‘But wait!’ you cry. ‘Aren’t you used to shopping in Delhi? To squeezing through the Old City’s bazaars like vacuum-packed sardines, with all those beggars and angry aunties and men with groping hands?’ The answer is yes, of course. But the truth is, shopping in Scotland annoys me much more than shopping in India.

Why? Well, there’s the incessant queuing, for a start. Nothing is more frustrating than standing in a line for hours – often while being simultaneously aurally assualted by pre-recorded blastings of ‘cashier number six please!’ – when all you’re buying is a pair of socks. Then there’s the customers with children. Either they run around demolishing everything, or they sit screaming in gigantic pushchairs (or ‘travel systems’ as I believe they are now amusingly called) which take up entire aisles. Staff are trained to be sickeningly friendly, even though the falseness is almost always obvious, and shops are now getting so big that you’re not just confused anymore; you’re actually lost.

Shopping in Delhi’s markets is less mechanical and much more human. One of my absolute favourite places in the city is Sarojini Nagar market, where factory rejects (of well-known Western brands; even Primark, actually) end up in great, crumpled heaps, waiting to be discovered – and ironed – by bargain-loving, but fashion-conscious, Delhiwallahs like yours truly. Sure, it’s busy, and yes, there are plenty of screaming children and a few lurking gropers, but the atmosphere is fun and the stallholders are enthusiastic and – mostly – genuinely friendly; powered by paan and regular refils of garma garam chai.

‘Woh wala dikhaana’ – ‘show me that one,’ is the line to use. The stallholder will then take a comically long metal pole to lift the garment at which you’re pointing (on its coathanger) and hand it to you for inspection. He will use encouraging English phrases like ‘size good, madam’ and ‘very nice quality’ and then inform you that the price is 250 rupees. You will scoff in mock disgust and, with a pained expression, tell that stallholder that you’ll offer him a hunded bucks, and not a rupee more. Then, after a minute of two of dramatised arguing, you’ll most probably receive a hefty discount and be handed your purchase in a small  polythene bag. Then you’ll move on to the next stall and repeat the script.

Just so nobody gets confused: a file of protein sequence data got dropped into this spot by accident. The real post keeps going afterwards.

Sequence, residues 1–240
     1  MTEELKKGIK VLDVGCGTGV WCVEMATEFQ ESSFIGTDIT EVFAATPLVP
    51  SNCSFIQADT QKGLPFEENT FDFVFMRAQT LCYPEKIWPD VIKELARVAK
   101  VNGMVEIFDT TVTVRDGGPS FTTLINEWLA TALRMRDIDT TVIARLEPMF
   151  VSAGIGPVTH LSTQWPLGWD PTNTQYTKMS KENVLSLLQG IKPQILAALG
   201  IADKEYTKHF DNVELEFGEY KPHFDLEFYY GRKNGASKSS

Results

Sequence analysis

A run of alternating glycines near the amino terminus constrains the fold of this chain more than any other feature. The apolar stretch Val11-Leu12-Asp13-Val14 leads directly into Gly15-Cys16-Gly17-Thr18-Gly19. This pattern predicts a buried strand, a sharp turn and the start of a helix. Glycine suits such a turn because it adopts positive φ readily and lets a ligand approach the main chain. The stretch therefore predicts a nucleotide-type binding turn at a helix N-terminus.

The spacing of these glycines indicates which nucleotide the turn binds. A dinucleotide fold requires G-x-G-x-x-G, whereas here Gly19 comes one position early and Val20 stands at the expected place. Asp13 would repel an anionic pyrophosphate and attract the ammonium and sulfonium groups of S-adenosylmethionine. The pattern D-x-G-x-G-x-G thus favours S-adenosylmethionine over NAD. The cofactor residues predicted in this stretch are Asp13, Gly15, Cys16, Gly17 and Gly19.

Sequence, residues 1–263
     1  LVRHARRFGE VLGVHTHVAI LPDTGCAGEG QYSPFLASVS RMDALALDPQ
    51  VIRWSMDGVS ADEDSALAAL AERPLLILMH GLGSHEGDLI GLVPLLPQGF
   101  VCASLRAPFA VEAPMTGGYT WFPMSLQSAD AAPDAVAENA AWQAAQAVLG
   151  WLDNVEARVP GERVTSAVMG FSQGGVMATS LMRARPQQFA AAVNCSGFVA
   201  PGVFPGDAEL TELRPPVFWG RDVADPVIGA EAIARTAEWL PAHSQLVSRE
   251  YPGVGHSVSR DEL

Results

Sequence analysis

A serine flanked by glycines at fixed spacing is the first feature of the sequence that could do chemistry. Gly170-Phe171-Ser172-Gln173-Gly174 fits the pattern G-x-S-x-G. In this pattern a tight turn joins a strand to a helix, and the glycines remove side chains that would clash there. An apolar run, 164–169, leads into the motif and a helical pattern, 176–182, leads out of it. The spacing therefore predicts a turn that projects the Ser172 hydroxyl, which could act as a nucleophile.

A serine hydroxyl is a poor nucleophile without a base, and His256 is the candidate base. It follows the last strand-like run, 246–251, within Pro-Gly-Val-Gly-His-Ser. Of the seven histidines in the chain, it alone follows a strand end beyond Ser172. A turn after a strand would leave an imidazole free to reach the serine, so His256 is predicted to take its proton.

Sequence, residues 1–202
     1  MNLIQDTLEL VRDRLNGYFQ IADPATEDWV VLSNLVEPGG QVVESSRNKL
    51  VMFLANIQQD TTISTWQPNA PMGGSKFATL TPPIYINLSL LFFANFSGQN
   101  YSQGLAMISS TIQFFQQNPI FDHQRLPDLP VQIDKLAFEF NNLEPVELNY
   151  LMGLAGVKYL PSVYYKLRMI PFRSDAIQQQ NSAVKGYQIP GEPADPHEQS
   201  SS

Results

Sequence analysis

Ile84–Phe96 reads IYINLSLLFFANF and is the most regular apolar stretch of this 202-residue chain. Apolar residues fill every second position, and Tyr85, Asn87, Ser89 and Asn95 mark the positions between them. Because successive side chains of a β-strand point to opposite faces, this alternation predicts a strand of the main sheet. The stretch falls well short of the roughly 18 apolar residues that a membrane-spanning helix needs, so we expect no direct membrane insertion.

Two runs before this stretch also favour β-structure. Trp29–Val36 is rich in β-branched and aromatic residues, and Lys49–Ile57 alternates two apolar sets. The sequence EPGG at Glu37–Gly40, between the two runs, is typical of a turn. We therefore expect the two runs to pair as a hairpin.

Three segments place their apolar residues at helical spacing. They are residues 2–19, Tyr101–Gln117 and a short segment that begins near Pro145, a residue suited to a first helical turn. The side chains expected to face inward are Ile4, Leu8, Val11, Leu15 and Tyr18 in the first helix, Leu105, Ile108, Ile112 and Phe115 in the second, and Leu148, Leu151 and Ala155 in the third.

Of course, for some people, this kind of shopping will sound terribly time- and energy-consuming, but I suppose it depends on what you’re used to. I admit that Delhi markets not only terrified me in the beginning, but they completely boggled my mind – there was so much language and acting required for each transaction that shopping was quite an ordeal.  But now the impromptu conversations are a fun part of the experience, and as well as the bags of bargains, you come home with a satisfying sense of achievement too.

So I’m glad I did my Christmas shopping in Delhi because there’s no way I’ll be braving the high street in this city! And by the time the January sales are underway I’ll be safely back on Indian soil. Yay.

PS Merry Christmas, lovely readers!

(Photo borrowed from Toastwife, via Flickr)